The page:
Another important feature that has been made available is the section that allows you to easily update the appliance in the future. There are a lot of steps involved in updating the appliance. Now that the new Web-based interface has been made available you will be able to update the appliance more easily in the future, for when Update 2 is released for example.

The PSC now has its own Web-based management user interface. This interface allows you to manage identity stores, users and groups for single sign-on (SSO) and password policies. Admins can also manage certificates for your environment inside the PSC Web-based management user interface. Not only can you manage the Certificate Authority and replace certificates, but you can also manage individual certificates for your vCenter servers, as shown in Figure 2.

Platform Services Controller interfaceFigure 2: Platform Services Controller interface

 


With the vCenter Update 1, VMware has also provided a tool to separate an embedded vCenter and PSC. This is interesting for customers that are upgrading from vSphere 5.1 or vSphere 5.5 and already using an embedded SSO server in their environment. When upgrading to vSphere 6 the only possible path is to upgrade to an embedded vCenter server with PSC.

But if you wanted to move to another setup with a separate vCenter server and PSC, then there was no other option other than to install new servers and recreate your inventory. That changes in the new PSC architecture.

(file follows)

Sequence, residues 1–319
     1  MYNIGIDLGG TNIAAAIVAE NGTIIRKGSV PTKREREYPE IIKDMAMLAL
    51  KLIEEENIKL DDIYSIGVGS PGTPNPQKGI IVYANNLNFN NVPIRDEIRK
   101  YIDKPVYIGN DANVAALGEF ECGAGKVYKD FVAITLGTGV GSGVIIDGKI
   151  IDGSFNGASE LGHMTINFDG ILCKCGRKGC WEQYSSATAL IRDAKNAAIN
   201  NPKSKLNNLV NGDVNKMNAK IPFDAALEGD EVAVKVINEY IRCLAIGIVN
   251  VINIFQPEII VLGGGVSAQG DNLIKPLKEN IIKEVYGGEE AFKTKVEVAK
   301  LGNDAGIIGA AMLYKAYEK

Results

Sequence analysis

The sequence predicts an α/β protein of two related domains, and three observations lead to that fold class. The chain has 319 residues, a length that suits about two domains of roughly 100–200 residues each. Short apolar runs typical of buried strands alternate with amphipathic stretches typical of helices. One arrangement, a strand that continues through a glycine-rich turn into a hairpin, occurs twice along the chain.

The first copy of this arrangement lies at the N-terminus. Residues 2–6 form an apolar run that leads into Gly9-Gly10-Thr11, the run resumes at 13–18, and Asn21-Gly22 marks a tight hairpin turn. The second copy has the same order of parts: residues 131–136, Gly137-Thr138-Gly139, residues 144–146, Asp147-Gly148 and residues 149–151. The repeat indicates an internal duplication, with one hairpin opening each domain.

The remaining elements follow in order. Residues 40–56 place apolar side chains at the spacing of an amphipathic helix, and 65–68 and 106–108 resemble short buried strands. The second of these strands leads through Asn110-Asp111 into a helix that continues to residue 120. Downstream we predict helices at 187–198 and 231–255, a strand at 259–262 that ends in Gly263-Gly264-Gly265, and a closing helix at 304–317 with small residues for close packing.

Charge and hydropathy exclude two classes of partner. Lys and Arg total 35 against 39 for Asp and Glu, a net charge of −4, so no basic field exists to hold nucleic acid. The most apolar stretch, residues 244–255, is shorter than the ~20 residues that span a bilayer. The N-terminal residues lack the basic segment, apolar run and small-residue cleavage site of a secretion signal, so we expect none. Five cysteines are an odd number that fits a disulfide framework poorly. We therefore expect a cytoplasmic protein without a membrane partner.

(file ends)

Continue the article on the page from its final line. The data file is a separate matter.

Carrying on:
As soon as you want to connect multiple vCenter servers to a PSC, it needs to be external and can no longer be embedded in your vCenter server. It also needs to be external if you want to create a redundant setup for your PSC.

With the new update, if you have installed an embedded PSC or have migrated from an earlier version with an embedded configuration, you can move to an external PSC. To do this, first install a new PSC with either a Windows Server or a Linux vCenter appliance with just a PSC, not vCenter. Next, point your existing vCenter deployment to the new PSC using the command cmsso-util. Figure 3 shows the options of this command inside the vCenter appliance.

VCenter appliance cmsso-util commandFigure 3: vCenter appliance cmsso-util command

 



Besides technical enhancements in Update Manager, a great improvement is that it now has full support for managing the product from the vSphere Web Client. As you can see in Figure 4, you can now manage baselines and the rest of the Update Manager configuration from this client and you no longer have to use the vSphere Web Client for this.

 

VSphere Update Manager

 
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Article details
Article ID: 64
Category: Virtualization
Date added: 2016-02-25 17:28:43
Views: 885
Rating (Votes): Article rated 3.2/5.0 (9)